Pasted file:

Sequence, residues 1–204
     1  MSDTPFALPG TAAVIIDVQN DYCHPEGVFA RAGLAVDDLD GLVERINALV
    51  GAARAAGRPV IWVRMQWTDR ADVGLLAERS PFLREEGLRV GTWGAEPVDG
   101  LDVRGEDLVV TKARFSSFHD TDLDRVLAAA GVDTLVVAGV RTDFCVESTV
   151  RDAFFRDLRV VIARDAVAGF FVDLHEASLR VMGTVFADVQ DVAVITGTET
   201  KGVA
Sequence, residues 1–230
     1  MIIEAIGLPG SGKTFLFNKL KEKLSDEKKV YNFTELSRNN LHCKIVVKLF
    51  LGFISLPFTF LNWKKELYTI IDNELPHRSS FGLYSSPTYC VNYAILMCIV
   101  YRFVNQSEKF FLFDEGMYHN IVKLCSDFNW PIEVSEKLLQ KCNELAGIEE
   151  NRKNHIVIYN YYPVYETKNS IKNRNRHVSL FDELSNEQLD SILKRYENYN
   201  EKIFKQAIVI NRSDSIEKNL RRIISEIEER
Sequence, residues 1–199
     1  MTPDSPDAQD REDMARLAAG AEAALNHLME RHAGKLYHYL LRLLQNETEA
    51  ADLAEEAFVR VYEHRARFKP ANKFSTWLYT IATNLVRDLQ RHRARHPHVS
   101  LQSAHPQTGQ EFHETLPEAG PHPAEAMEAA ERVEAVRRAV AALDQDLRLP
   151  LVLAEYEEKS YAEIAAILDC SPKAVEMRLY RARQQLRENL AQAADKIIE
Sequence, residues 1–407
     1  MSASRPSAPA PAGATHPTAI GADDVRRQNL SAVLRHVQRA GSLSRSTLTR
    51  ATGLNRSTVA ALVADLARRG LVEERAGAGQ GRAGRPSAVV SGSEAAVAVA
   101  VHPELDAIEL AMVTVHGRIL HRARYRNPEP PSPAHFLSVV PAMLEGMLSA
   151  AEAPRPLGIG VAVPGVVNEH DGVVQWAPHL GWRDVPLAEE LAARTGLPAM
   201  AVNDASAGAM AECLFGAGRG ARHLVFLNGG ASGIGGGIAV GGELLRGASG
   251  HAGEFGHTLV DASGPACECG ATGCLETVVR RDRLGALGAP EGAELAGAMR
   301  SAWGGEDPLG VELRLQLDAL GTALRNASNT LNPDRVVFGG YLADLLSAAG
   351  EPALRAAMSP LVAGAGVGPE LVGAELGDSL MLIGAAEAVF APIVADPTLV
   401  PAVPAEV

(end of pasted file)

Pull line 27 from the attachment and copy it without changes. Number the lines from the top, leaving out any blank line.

   401  PAVPAEV